This ready-to-use 16 page packet is designed for use with students in grades 3-6 as they read Sadako and the Thousand Paper Cranes. Included is an 8-page student booklet that divides the text into two reading assignments with activities to go with each. Included also is an answer key for the student booklet, a bookmark for students' use as they keep track of vocabulary words while reading the book, and an end-of-book test (along with the key) to give to students following completion of the assignments and discussions. Created by Jean Martin
Sadako and The Thousand Paper Cranes is divided into two reading assignments of approximately 25 pages each. Each assignment is followed by questions and tasks to go with the reading. These questions and tasks reinforce balanced literacy skills which include comprehension, vocabulary, visualization, summarizing, point-of-view, and recognizing the author's purpose. The packet gives students critical practice in writing to explain their thinking and to demonstrate their understanding.
The student booklet is designed for independent work so that students can work on this in class while the teacher is meeting with another group. In my classroom students were responsible for completing one reading assignment with the accompanying questions each week. I gave them three, 40 minute periods per week to complete one assignment. They would then meet once a week with me (or an aide or a parent), along with the other students reading the same book (we called this a "book club" meeting) to discuss the book and review the assignments. Customize the use of this packet as you wish. What worked for me, may not be what works best for you. For example, instead of using this as class work, the packet could also be used as homework.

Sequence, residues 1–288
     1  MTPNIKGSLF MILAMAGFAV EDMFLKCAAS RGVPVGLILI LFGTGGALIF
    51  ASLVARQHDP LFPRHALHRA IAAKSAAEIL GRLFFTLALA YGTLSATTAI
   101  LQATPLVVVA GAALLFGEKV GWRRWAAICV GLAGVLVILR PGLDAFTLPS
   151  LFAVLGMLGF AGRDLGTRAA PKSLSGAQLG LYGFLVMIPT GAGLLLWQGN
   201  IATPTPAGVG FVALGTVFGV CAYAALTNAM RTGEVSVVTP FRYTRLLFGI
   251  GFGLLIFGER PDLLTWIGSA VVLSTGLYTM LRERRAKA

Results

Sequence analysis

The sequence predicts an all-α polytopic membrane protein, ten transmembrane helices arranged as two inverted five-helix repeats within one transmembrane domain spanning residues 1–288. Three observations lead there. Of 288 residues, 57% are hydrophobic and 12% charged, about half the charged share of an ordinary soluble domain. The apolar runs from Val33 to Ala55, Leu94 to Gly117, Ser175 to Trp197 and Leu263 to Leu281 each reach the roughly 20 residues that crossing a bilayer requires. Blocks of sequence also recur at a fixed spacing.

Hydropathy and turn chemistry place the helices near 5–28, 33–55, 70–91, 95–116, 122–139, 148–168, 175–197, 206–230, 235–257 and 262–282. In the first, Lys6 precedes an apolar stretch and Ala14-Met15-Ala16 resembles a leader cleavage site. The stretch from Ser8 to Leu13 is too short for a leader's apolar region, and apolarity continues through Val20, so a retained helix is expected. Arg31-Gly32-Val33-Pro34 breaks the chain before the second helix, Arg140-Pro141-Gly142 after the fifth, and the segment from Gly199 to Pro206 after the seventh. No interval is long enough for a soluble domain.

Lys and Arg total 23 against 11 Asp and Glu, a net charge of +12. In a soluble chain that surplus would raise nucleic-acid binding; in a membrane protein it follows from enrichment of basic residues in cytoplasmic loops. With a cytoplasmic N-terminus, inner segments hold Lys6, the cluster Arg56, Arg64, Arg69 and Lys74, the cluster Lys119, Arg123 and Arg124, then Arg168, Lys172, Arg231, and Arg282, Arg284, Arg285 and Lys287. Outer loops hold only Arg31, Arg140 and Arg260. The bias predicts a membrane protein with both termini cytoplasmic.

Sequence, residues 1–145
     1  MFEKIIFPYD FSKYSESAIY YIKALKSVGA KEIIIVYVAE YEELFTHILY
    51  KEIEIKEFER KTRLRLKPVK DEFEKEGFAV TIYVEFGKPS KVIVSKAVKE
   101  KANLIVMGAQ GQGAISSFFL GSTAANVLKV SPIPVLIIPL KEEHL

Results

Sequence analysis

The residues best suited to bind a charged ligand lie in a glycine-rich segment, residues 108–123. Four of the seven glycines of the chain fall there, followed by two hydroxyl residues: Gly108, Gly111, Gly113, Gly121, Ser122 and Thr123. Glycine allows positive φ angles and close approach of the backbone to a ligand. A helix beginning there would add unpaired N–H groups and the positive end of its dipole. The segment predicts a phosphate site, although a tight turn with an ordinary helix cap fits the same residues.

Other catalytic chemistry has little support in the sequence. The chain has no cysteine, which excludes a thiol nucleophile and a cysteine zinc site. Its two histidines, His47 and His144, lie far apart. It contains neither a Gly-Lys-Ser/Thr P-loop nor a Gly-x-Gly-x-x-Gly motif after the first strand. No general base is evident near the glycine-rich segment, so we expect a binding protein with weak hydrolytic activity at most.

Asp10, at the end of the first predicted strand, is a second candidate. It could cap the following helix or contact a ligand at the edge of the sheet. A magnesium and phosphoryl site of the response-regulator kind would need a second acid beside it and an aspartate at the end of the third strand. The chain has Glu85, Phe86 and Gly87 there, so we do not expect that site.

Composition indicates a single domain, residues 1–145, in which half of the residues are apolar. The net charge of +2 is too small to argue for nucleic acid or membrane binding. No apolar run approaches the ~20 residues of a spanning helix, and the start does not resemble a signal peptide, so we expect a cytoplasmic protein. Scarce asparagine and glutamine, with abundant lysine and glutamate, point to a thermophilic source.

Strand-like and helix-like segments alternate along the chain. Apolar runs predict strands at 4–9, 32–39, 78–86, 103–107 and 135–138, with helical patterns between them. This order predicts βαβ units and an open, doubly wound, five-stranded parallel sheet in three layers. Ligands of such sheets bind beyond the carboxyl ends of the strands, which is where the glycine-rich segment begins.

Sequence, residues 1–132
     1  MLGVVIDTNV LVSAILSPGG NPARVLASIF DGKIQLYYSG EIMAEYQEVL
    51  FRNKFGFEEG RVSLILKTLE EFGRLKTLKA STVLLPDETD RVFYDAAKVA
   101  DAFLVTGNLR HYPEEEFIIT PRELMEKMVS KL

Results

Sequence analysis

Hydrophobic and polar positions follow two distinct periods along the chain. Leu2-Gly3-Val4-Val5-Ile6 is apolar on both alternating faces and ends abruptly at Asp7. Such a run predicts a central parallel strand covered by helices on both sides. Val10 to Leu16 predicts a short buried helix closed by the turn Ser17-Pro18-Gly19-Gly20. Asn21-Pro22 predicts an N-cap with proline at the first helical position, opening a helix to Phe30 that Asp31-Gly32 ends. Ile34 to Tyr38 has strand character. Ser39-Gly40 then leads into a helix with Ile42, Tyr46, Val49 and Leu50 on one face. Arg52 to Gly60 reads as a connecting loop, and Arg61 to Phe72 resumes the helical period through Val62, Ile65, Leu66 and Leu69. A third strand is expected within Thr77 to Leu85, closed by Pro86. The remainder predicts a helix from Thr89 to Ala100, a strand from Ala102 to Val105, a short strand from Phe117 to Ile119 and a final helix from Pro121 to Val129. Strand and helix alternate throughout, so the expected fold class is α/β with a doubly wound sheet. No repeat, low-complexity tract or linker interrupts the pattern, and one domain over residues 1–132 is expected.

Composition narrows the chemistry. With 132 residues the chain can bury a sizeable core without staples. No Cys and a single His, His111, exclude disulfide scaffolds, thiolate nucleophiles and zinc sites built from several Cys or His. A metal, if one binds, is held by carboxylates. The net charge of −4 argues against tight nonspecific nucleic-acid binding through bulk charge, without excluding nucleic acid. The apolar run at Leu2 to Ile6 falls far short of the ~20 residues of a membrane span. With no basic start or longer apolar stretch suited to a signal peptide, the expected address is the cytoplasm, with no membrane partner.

SADAKO AND THE THOUSAND PAPER CRANES in a nutshell:
This is the true story of eleven year old Sadako who lived in Japan in the 1940s and 50s. She seemed to be a typical, energetic girl. She loved to run, she believed in good luck charms, and she had big plans for her future. All that changed when she found she had leukemia, "the atom bomb disease". This is a touching story which gives the reader a window on Japanese traditions, illustrates the importance of family and friends, and provides much for group discussions.
Appropriate for students in grades 4-6. Reading level approximately 5th grade.
literature, study guide, discussion guide, history, worksheets, comprehension, activities, reading, test, quiz, biography, non-fiction, novel study, historical fiction, Japan, origami, social studies, multi-cultural